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14 June 1943

Official description

Not yet known


The POINTBLANK DIRECTIVE, 14 June 1943 is not a mission per-se, but an agreement among the Combined Chiefs of Staff (CCS) of the Royal Air Force (RAF) and the United States Army Air Forces (USAAF) refining and elaborating upon the Combined Bomber Offensive (CBO) agreement established and issued the Casablanca Directive as a result of the Casablanca Conference (cf. CASABLANCA DIRECTIVE 21 January 1943).

The Casablanca Directive was a generalised targeting strategy for the CBO which established the top priority as the destruction of German submarine construction yards with the German aircraft industry second on the priority list. The POINTBLANK DIRECTIVE put the German aircraft industry, and particulary that portion of which was dedicated to the production of single-engine fighters, at the top of the priority list. The POINTBLANK DIRECTIVE identfied nineteen (19) vital German industries (and the number of targets associated) which if destroyed would stagnate the German war machine. The industries and number of associated targets were:

Single-engine figther aircraft - 22 targets
Ball bearings - 10 targets
Petroleum products - 39 targets
Grinding wheels and crude abrasives - 10 targets
Nonferrous metals - 13 targets
Synthetic rubber and rubber tires - 12 targets
Submarine construction plants an bases - 27 targets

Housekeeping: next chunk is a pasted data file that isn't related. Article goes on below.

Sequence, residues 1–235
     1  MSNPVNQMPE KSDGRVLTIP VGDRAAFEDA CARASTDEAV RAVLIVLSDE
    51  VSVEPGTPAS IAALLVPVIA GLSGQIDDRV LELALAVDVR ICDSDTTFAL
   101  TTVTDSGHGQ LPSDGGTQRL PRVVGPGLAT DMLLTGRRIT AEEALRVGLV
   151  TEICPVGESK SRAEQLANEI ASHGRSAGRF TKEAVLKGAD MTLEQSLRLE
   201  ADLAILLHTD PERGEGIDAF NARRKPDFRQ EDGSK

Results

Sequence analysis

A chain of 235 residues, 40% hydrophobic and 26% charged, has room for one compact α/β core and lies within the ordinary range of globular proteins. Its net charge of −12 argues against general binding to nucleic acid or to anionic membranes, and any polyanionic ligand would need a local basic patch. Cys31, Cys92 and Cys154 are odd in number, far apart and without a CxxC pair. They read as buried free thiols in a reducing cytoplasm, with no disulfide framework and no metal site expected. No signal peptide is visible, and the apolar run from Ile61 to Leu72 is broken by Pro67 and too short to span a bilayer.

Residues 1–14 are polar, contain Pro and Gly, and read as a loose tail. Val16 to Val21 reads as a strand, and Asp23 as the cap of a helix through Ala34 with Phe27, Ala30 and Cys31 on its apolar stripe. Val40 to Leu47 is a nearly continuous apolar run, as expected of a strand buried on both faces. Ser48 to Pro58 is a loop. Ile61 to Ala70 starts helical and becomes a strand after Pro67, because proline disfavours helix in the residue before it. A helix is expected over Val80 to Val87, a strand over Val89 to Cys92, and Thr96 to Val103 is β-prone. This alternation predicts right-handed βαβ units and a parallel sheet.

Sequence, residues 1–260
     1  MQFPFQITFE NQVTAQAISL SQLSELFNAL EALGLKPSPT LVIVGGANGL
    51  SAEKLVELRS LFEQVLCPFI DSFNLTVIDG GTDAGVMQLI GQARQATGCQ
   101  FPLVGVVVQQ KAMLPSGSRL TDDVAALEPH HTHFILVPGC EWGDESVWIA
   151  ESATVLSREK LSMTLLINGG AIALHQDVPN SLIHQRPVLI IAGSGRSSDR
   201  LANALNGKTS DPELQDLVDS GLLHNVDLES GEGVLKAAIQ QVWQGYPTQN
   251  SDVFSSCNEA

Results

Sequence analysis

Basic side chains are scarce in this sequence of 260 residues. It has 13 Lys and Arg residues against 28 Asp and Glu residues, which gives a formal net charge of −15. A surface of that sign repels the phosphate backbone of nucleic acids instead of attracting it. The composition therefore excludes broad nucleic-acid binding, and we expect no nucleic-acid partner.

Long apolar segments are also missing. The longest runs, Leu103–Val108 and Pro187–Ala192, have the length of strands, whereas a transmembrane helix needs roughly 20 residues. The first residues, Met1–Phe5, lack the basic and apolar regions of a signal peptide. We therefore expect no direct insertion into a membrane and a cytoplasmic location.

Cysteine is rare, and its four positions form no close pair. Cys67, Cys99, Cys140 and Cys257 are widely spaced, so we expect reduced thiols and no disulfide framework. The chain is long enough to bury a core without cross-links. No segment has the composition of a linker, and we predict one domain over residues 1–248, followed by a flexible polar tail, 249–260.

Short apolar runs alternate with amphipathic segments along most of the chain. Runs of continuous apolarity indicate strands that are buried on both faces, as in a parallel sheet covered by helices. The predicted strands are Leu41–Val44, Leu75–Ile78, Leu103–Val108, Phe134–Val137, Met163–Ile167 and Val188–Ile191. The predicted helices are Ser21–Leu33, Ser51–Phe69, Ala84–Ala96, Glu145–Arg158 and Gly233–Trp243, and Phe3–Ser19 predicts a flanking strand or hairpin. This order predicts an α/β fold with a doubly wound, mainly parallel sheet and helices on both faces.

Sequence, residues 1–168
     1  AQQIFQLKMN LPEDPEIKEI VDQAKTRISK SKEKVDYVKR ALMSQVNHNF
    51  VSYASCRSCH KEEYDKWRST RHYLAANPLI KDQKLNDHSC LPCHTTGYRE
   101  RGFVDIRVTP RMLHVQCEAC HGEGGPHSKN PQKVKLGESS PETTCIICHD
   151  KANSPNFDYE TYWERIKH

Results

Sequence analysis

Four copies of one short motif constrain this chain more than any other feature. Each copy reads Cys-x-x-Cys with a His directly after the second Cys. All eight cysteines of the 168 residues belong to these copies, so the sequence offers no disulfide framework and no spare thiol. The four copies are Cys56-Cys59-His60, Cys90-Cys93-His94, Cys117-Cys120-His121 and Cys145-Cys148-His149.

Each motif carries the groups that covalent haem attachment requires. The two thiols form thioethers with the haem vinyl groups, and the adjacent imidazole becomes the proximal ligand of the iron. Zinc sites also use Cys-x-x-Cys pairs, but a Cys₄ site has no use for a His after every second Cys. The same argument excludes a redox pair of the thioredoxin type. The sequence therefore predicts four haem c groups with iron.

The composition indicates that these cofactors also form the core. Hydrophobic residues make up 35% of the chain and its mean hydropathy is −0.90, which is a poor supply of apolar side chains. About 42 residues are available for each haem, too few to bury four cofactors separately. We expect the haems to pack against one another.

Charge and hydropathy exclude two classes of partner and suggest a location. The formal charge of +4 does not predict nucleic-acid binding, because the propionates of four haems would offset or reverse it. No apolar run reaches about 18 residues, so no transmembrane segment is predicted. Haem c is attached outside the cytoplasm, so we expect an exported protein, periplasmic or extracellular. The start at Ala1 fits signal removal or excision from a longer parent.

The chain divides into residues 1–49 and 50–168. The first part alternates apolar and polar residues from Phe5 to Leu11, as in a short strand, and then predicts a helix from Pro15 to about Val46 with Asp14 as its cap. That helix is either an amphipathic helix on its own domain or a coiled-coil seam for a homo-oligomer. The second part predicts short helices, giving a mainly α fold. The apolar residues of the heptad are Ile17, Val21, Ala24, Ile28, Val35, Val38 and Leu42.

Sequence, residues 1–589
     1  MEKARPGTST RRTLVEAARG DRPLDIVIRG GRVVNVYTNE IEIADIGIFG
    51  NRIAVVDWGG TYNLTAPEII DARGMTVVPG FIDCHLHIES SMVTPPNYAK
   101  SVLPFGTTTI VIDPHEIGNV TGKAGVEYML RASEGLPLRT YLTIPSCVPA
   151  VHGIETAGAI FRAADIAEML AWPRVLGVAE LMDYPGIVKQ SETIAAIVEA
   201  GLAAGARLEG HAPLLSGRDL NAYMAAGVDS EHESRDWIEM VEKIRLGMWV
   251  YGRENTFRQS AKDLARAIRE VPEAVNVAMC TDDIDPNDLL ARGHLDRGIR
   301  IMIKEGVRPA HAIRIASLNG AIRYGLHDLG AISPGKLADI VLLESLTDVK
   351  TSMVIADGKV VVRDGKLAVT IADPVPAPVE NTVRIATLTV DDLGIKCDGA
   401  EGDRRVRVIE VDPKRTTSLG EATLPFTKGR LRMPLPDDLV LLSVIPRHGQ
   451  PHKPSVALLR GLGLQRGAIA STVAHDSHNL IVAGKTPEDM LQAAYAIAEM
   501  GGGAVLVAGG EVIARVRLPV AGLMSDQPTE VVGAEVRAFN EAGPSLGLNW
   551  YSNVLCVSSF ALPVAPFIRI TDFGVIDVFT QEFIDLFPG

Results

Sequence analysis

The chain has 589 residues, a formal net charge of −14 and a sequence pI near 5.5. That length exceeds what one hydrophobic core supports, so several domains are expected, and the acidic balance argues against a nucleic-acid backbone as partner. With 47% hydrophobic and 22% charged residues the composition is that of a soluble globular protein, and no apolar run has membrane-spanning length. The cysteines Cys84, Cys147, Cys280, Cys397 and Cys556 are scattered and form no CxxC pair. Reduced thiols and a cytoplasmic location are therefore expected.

Military transport vehicles - 7 targets
Transportation (rail, barge & surface roads) - No specific number
Coking plants - 89 targets
Iron & steel works - 14 targets
Machine tools - 12 targets
Electrical power - 55 targets
Electrical equipment - 16 targets
Optical precision instruments - 3 targets
Chemicals - Not thought to be vulnerable to air attack when the Directive was issued because of their dispersal.
Food - 21 targets
Nitrogen - 21 targets
Anti-aircraft and anti-tank artillery - Not thought to be vulnerable to air attack when the Directive was issued.

While the Directive identified military/industrial targets it contained nothing concerning the strategy to be employed in actually bombing the targets. A presentation of the many factors that influenced the strategy of the RAF and that of the USAAF are beyond the scope that can be addressed here but the overall strategy was that RAF Bomber Command would use "area bombing" of Germany's industrial cities by night and that the USAAF would use "precision" bombing of German industrial/military targets in daylight. Thus, "around the clock" attack would result.


Date Contributor Update
23 May 2015 20:12:07 Lee8thbuff Changes to description

Lee Cunningham 23-May-2015. Pointblank directive:

Date Contributor Update
22 May 2015 22:16:45 Lee8thbuff Changes to description

Lee Cunningham 22-May-2015. Contnued development from sources previously cited.

Date Contributor Update
21 May 2015 00:37:36 Lee8thbuff Created entry with name, date and description

Lee Cunningham 20-May-2015. Added Narrative based on sources concerned with the Casablanca Confernece, Casablanca Directive; Combined Bomber Offensive , Pointblank Directive, Guilio Douhet, Arthur Harris andHugh Trenchard; Also "among the Dead Cities", A. C. Grayling; and U.S. Air Force Historical Study No.118 "The Early Operations of the Eighth Air Force and the Origins of the Combined Bomber Offensive". AFD-090522-057; U.S. Air Force Historical Study No. 122, "The Combined Bomber Offensive 1 January to 6 June 1944" AFD 090522-061.